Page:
BBC Sport football


Related BBC sites

Page last updated at 12:36 GMT, Friday, 4 December 2009

2018 World Cup bidders present cases in Cape Town


Beckham leads 2018 bid in South Africa

The nations bidding to host the 2018 World Cup have been busy promoting their campaigns in Cape Town ahead of the draw for the 2010 tournament.

England is among the countries keen to persuade Fifa delegates that they have what it takes to stage the 2018 event.

David Beckham, a key part of England's bid team in South Africa, told the BBC: "So far it has gone well.

"The meetings I have had with delegates and officials have been very positive, but we need to carry on working hard."

Midfielder Beckham, who is hoping to be part of England manager Fabio Capello's squad for next year's finals, added: "It's just about keeping it going and not being arrogant, which is a big thing.

"Just because we are England, it does not mean that we are automatically going to get the World Cup.


"We realise that there is a lot of hard work to be done and we have to be prepared to do that."

Beckham, who admitted to being "star-struck" after meeting with Uefa president Michel Platini, added: "It would mean so much to get it.

"To have the World Cup in our country, to take my sons to the World Cup would be special and I think there are many fathers that will be thinking that."

Italian Capello also threw his weight behind the 2018 campaign, saying: "I think England is the best place to have the (2018) World Cup.

"It has fantastic stadiums and people who love football - it's the home of football."

England are one of nine bids for either the 2018 or 2022 tournaments, along with Russia, Australia, the USA, Japan, Mexico, Indonesia and joint bids from Portugal-Spain and Netherlands-Belgium. Qatar and South Korea are also making bids solely for the 2022 staging.

But there was controversy when the arrival of Luis Figo, ambassador for the Portugal-Spain campaign, interrupted the USA's video presentation of their bid.

It led to a rush of reporters and photographers leaving the USA's video right in the middle of the presentation.

"It was totally ruined," Major League Soccer commissioner Don Garber said. "I think there's an element of fair-play in our sport. That was bad form."

England should win 2018 bid on merit - Dein

The Portugal-Spain bid later apologised with a spokesman saying: "We are very sorry - this was not intended."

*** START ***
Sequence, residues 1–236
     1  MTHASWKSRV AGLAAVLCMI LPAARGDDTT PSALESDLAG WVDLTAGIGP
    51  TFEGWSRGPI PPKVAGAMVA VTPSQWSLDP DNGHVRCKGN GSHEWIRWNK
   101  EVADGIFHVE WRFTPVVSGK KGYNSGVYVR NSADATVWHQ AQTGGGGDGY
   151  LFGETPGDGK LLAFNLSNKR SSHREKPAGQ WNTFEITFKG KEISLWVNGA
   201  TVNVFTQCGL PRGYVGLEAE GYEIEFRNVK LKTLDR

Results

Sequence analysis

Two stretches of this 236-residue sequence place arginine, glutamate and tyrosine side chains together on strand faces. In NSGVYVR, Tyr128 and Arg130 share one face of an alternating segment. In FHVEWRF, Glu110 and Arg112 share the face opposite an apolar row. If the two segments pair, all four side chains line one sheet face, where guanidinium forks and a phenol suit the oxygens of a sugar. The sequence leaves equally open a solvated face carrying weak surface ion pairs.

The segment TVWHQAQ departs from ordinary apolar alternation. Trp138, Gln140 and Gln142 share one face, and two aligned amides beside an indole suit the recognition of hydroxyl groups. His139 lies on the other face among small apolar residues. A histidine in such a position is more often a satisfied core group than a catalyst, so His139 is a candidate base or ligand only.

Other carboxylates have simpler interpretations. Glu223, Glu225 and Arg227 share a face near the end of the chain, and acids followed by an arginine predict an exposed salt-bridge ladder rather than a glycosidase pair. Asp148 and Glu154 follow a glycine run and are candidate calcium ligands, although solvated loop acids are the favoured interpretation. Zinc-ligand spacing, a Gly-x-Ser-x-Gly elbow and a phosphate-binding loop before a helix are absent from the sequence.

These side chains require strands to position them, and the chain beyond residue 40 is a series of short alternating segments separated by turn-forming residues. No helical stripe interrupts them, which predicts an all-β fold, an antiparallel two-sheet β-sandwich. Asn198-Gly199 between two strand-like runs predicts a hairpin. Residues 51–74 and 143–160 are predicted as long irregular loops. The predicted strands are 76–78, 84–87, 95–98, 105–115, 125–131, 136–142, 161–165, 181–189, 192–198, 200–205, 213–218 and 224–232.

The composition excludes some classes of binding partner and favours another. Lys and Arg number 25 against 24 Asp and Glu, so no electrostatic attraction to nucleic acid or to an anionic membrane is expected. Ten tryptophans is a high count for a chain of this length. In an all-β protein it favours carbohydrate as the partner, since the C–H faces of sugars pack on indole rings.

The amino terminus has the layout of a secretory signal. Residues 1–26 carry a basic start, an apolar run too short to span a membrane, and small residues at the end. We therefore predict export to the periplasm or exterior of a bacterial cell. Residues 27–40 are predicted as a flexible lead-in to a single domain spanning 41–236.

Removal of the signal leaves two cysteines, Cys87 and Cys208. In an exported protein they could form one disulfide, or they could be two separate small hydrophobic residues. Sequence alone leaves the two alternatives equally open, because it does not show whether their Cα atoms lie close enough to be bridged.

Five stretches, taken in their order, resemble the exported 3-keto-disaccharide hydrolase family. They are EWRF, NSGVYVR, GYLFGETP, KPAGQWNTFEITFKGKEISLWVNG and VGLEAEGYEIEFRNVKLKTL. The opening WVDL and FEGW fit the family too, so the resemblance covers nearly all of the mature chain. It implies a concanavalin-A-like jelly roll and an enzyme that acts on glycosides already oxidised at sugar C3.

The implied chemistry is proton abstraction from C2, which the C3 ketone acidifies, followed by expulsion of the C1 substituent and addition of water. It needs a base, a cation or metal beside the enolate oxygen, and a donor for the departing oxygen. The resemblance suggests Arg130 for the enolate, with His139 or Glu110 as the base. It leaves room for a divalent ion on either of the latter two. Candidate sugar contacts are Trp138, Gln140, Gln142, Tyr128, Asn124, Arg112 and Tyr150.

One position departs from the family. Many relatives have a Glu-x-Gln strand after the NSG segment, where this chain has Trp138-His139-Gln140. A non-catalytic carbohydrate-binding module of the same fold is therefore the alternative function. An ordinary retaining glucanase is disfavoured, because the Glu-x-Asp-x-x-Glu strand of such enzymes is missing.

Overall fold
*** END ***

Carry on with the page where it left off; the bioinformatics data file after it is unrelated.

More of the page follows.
According to former Arsenal vice-chairman David Dein, England's bid remains strong despite a recent series of "own goals".

"There's a year to go," Dein told BBC Sport. "We still have a great chance."

While Beckham has brought plenty of glitz to England's bid, Dein could yet to play a key role in helping to deliver vital Fifa executive committee votes, despite not having an official role at present.

Last month Dein, who has a network of worldwide contacts, travelled to Nigeria for the Under-17 World Cup - a competition where six Fifa executive members were in attendance - following an invitation from Fifa and Confederation of African Football member Amos Adamu.

And Dein, who has been attending the Soccerex conference in South Africa, signalled that he would be willing to take on a more active role if asked by the Football Association.

"Talks are ongoing and I'm ready to help my country if called upon to do so," said Dein, who was a director of Arsenal for more than 20 years.

There are still a lot of goals to score against the opposition

Former Arsenal vice-chairman David Dein

England's 2018 bid has suffered with its public relations and internal feuding at board level, hence Dein's reference to "own goals."

The 2018 bid team has been criticised for purchasing luxury handbags, one for the wife or partner of each of the 24 Fifa voters, with Fifa vice president Jack Warner returning the gift, describing his wife as "sacrosanct".

And Premier League chairman Sir Dave Richards resigned from the board just weeks after six other board members stood down, while Karen Brady, one of those to quit her post, has stated the bid could be derailed by "infighting".

"What's going on is heavy politics and that needs to be resolved," said Dein, who in the past has been on the Football Association's main board as well its international committee.

"It's not an easy situation. There have been a lot of changes and sadly a few own goals scored.

"It's important we start rowing to the same beat, but there are still a lot of goals to score against the opposition.

Fifa's 24-member ruling executive will choose the hosts next December.

Print Sponsor

see also
World Cup draw & reaction as it happened
04 Dec 09 |  Internationals
England enjoy kind World Cup draw
04 Dec 09 |  Internationals
Two arrested after draw bomb hoax
04 Dec 09 |  Internationals
Beckham pledges 2018 bid effort
03 Dec 09 |  Internationals
England vaunts 2018 World Cup bid
01 Dec 09 |  Business
Infighting harms 2018 bid - Brady
25 Nov 09 |  Internationals
Richards resigns from 2018 board
24 Nov 09 |  Internationals
Fifa man hands back England gift
04 Nov 09 |  Football
2018 bid gives handbags as gifts
23 Oct 09 |  Football
England 'must improve 2018 bid'
07 Oct 09 |  Football

related bbc links:

related internet links:
The BBC is not responsible for the content of external internet sites